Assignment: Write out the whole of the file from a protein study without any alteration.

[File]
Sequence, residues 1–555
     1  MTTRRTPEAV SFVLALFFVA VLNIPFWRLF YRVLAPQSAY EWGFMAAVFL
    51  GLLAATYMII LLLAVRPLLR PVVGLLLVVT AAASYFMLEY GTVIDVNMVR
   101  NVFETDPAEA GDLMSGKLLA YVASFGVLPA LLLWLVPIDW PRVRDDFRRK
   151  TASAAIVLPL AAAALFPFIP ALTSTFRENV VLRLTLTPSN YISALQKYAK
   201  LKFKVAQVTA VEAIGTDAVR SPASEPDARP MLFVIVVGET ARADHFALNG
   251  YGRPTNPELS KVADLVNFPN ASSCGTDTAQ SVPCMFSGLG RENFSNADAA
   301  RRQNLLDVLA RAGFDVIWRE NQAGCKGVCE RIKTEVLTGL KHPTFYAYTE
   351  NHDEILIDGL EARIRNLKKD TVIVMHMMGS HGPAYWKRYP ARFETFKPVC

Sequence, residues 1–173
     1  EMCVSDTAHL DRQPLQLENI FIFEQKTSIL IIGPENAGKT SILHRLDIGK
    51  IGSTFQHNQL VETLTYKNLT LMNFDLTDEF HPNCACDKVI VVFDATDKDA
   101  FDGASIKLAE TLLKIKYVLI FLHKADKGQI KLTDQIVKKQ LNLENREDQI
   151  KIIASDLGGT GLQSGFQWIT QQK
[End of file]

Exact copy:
Sequence, residues 1–555
     1  MTTRRTPEAV SFVLALFFVA VLNIPFWRLF YRVLAPQSAY EWGFMAAVFL
    51  GLLAATYMII LLLAVRPLLR PVVGLLLVVT AAASYFMLEY GTVIDVNMVR
   101  NVFETDPAEA GDLMSGKLLA YVASFGVLPA LLLWLVPIDW PRVRDDFRRK
   151  TASAAIVLPL AAAALFPFIP ALTSTFRENV VLRLTLTPSN YISALQKYAK
   201  LKFKVAQVTA VEAIGTDAVR SPASEPDARP MLFVIVVGET ARADHFALNG
   251  YGRPTNPELS KVADLVNFPN ASSCGTDTAQ SVPCMFSGLG RENFSNADAA
   301  RRQNLLDVLA RAGFDVIWRE NQAGCKGVCE RIKTEVLTGL KHPTFYAYTE
   351  NHDEILIDGL EARIRNLKKD TVIVMHMMGS HGPAYWKRYP ARFETFKPVC

Sequence, residues 1–173
     1  EMCVSDTAHL DRQPLQLENI FIFEQKTSIL IIGPENAGKT SILHRLDIGK
    51  IGSTFQHNQL VETLTYKNLT LMNFDLTDEF HPNCACDKVI VVFDATDKDA
   101  FDGASIKLAE TLLKIKYVLI FLHKADKGQI KLTDQIVKKQ LNLENREDQI
   151  KIIASDLGGT GLQSGFQWIT QQK